Cat’s eye danburite

cat's eye danburite

Cat’s eye danburite is a calcium boron silicate mineral with a chemical formula of CaB2(SiO4)2.

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Its name comes from Danbury, Connecticut, United States, where it was first discovered in 1839 by Charles Upham Shephard.

Danburite can occur in a variety of colors ranging from colorless to very light-pink and from light-yellow to brown. But typically only colorless danburite is ever faceted as a gemstone.

It has a Mohs hardness of 7 to 7.5 and also a specific gravity of 3.0. The mineral has also an orthorhombic crystal form. It is usually colourless, like quartz, but can also be either pale yellow or yellowish-brown. It typically occurs in contact metamorphic rocks.

The Dana classification of minerals categorizes danburite as a sorosilicate, while the Strunz classification scheme lists it as a tectosilicate. Both terms are correct.
Its crystal symmetry and form are similar to topaz; however, topaz is a calcium fluorine bearing nesosilicate. The clarity, resilience, and strong dispersion of danburite make it valuable as cut stones for jewelry.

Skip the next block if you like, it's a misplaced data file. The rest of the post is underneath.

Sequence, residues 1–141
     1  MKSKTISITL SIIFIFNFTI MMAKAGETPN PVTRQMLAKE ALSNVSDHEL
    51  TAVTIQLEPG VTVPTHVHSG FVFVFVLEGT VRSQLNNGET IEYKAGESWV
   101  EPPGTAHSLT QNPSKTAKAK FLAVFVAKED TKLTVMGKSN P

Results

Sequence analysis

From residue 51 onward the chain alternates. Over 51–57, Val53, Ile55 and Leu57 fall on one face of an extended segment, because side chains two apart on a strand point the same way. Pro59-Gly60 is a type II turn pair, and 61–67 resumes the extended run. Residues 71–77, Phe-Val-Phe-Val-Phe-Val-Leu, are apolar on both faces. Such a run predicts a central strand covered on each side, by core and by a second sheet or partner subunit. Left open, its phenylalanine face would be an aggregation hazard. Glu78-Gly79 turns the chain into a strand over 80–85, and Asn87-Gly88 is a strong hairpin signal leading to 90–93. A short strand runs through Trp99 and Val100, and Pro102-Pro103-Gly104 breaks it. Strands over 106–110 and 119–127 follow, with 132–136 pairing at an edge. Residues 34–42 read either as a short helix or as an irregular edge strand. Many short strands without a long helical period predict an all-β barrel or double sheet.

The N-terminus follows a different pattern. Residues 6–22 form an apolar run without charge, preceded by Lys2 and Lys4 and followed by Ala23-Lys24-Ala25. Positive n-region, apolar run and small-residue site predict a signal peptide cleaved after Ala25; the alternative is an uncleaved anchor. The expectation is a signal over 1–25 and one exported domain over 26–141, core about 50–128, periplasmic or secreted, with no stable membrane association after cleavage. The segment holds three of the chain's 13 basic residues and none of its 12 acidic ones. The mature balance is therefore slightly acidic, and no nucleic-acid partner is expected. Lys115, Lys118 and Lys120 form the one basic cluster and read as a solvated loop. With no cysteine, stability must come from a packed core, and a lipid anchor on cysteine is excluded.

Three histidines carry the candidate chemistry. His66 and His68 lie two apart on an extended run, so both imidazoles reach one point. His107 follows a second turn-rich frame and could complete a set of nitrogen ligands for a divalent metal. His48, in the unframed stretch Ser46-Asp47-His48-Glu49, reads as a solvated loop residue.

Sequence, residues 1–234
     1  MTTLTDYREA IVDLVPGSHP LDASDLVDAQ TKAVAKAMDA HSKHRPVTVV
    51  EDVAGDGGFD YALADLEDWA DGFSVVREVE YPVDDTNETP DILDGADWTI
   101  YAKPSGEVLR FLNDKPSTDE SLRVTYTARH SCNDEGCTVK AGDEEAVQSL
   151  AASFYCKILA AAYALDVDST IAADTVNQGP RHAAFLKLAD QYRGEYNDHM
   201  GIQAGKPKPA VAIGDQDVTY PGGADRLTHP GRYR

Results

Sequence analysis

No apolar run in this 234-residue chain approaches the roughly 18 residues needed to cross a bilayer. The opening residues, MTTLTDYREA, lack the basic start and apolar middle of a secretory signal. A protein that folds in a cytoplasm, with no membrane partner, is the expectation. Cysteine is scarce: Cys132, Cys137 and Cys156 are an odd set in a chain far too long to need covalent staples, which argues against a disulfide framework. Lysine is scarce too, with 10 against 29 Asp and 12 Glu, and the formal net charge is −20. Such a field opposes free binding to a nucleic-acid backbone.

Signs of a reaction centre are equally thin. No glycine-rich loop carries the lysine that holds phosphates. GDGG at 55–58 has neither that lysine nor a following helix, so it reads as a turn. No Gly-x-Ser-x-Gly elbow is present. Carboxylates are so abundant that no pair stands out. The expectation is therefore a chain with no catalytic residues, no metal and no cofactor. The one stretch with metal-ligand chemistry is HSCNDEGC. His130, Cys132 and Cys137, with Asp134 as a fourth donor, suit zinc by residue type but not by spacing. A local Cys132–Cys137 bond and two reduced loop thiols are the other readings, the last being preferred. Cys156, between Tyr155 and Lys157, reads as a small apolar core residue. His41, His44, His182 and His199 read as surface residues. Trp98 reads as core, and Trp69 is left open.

Cat’s eye effect

In gemology, chatoyancy, also chatoyance or cat’s eye effect, is an optical reflectance effect visible in certain gemstones. Coined from the French “oeil de chat”, meaning “cat’s eye”, chatoyancy arises either from the fibrous structure of a material, as in cat’s eye tourmaline, or from fibrous inclusions or cavities within the stone, as in cat’s eye chrysoberyl. The precipitates that cause chatoyance are the needles. Examined samples have yielded no evidence of tubes or fibers.The needles precipitates all align perpendicularly with respect to cat’s eye effect. The lattice parameter of the needles matches only one of the three orthorhombic crystal axes of the chrysoberyl, as a result of an alignment along that direction.

The phenomenon resembles the brilliance of a silk spool. The luminous streak of reflected light is always perpendicular to the direction of the fibres. For a gemstone to show this effect better, the shape must be a cabochon. Round with a flat base, rather than faceted, with the fibers or fibrous structures parallel to the base of the finished gem. The best finished specimens show a single sharply. A band of light that moves across the stone when it turns. Chatoyant stones of lesser quality display a banded effect as is typical with cat’s-eye varieties of quartz. Faceted stones do not show the effect well.

Cat’s eye damburite from Madagascar


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